- Bangkok (April 13 – 15) - Khao San Road and Silom Road
- Khon Kaen (April 13 – 15) – Wat Chai Si and Khao Niao Road
- Chiang Mai (April 13 – 15) – Tha Phae Gate, around the Old City Moat, and Huay Kaew Road
- Phuket (April 13 – 15) – Phuket town, Patong Beach, Kata Beach and Karon Beach
- Sukhothai (April 13 – 15) – Sukhothai Historical Park and Khao Tok Road
- Ayutthaya (April 13 – 15) – around Ayutthaya Old City. Here local people enjoy water splashing with elephants.
- Pattaya (April 17 – 19) – Pattaya Beach and Jomtien Beach
- Samut Prakan (April 20 – 22) – Phra Pradaeng District. Phra Pradaeng is one of the few places in Thailand that celebrates the Songkran Festival in the Thai-Mon style with a magnificent parade.
Enjoy Khon Kaen’s Two Distinctive Styles of Songkran Celebrations
A major city in the northeastern region, Khon Kaen (449 km. from Bangkok) hosts one of the kingdom’s largest Songkran festivals, making it one of the best places to celebrate the world's biggest water fight. It is the only city that the festival is held grandly in two distinctive styles at two places – traditional style at Wat Chai Si (April 13), and modern style on Khao Niao Road (April 13 – 15). The festival at Wat Chai Si showcases the most unique northeastern Thai culture that cannot be seen elsewhere in Thailand.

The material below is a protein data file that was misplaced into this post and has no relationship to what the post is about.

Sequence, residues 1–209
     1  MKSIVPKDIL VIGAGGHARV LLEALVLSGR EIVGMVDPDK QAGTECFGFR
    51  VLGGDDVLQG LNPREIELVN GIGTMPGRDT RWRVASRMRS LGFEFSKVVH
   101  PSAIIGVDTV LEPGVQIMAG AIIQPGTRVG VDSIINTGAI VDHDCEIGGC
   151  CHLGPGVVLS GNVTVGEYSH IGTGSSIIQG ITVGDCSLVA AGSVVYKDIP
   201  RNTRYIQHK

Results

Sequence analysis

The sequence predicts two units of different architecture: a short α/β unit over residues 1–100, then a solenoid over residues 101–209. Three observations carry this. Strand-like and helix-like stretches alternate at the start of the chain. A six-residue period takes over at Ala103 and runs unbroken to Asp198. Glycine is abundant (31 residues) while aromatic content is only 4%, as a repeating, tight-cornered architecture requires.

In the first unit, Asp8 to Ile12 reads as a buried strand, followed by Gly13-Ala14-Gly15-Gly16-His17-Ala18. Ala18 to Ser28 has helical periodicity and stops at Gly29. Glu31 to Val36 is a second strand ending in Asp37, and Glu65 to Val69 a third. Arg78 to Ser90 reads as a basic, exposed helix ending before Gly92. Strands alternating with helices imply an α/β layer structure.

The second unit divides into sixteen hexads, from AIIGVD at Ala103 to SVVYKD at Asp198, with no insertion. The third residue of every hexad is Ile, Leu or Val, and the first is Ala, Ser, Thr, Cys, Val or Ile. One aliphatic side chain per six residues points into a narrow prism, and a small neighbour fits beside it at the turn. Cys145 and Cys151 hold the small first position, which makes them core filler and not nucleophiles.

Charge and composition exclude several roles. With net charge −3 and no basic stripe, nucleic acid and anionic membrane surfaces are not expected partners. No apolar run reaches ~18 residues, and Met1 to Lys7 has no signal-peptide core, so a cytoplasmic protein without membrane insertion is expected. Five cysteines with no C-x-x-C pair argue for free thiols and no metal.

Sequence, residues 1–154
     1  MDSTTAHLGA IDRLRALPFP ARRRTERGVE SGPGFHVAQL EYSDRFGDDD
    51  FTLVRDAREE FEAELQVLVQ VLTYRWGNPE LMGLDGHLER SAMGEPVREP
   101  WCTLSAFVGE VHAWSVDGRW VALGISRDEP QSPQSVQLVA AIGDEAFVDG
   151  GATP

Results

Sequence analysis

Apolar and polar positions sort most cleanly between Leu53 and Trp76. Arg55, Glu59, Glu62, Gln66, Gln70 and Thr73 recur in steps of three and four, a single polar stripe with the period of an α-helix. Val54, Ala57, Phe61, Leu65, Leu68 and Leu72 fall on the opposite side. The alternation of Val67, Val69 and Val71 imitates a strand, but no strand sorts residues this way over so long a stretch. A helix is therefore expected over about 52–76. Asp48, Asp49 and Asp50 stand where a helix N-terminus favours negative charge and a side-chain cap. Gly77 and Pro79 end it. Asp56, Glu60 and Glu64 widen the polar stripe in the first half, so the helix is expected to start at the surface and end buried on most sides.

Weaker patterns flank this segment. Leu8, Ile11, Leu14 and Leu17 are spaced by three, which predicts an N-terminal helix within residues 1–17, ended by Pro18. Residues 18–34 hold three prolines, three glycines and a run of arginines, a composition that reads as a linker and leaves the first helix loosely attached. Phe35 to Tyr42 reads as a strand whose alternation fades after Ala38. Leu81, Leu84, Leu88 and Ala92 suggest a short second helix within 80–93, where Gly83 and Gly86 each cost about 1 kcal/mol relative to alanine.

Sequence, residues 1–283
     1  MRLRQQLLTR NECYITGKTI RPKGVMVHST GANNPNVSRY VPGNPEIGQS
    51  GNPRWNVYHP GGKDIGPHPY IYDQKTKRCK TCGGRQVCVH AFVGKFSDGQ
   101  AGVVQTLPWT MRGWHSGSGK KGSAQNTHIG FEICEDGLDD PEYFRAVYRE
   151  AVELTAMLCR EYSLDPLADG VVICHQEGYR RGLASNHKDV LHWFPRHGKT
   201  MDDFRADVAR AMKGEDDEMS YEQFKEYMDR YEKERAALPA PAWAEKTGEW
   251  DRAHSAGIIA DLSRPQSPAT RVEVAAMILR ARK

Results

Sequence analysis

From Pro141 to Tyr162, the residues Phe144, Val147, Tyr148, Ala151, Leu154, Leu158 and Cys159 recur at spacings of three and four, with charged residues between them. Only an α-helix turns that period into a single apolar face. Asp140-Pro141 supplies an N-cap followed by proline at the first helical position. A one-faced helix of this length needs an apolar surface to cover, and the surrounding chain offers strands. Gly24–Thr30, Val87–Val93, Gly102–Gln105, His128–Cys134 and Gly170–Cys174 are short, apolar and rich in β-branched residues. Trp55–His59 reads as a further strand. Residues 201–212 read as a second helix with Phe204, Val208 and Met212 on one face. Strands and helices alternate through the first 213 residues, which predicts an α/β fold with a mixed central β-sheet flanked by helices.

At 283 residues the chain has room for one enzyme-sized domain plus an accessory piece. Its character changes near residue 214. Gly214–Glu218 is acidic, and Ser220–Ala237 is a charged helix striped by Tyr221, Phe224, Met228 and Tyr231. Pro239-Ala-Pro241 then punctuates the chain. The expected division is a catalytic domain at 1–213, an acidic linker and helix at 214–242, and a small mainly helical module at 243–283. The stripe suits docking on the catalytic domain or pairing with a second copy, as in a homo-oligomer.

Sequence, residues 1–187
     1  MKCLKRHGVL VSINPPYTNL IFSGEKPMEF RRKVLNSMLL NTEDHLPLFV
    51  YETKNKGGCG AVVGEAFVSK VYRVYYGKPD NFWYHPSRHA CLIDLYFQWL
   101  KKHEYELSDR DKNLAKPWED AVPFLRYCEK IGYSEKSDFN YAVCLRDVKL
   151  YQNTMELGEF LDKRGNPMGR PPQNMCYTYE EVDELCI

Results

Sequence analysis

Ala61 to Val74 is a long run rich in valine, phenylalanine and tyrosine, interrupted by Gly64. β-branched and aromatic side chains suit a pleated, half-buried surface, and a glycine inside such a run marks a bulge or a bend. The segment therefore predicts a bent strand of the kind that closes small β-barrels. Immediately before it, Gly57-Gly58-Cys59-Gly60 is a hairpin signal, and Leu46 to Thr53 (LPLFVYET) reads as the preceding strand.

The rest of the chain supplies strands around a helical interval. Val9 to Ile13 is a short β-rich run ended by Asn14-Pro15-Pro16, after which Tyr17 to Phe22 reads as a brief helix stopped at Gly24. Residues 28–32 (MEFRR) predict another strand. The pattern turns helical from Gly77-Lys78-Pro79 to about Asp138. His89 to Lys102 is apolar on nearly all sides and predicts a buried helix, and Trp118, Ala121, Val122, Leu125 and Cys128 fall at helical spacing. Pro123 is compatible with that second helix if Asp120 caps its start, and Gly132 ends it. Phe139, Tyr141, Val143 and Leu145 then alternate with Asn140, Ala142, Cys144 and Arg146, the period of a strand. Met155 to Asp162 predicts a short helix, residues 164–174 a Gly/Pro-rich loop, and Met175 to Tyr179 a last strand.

* Songkran at Wat Chai Si (Traditional Style)
Wat Chai Si, a famous ancient temple in Muang District, celebrates the festival in its unique traditional style. In the afternoon of April 13 every year, this temple holds an ancient ritual of removing bad luck for local people who bring offerings to the temple. The offerings specified for this ritual consist of many types of cereal, cotton fabric in red, black, white and yellow colours, flowers, candles, joss sticks and sacred white threads. All these materials are arranged neatly in a square container made from the leaf sheath of banana tree. In the ritual, the monks recite the sutras and then remove bad luck for devotees by reciting to worship the angels and spirits with those offerings. After the ritual is finished, the devotees cleanse or purify the Buddha image by sprinkling it with holy water. Then the fun of water splashing begins.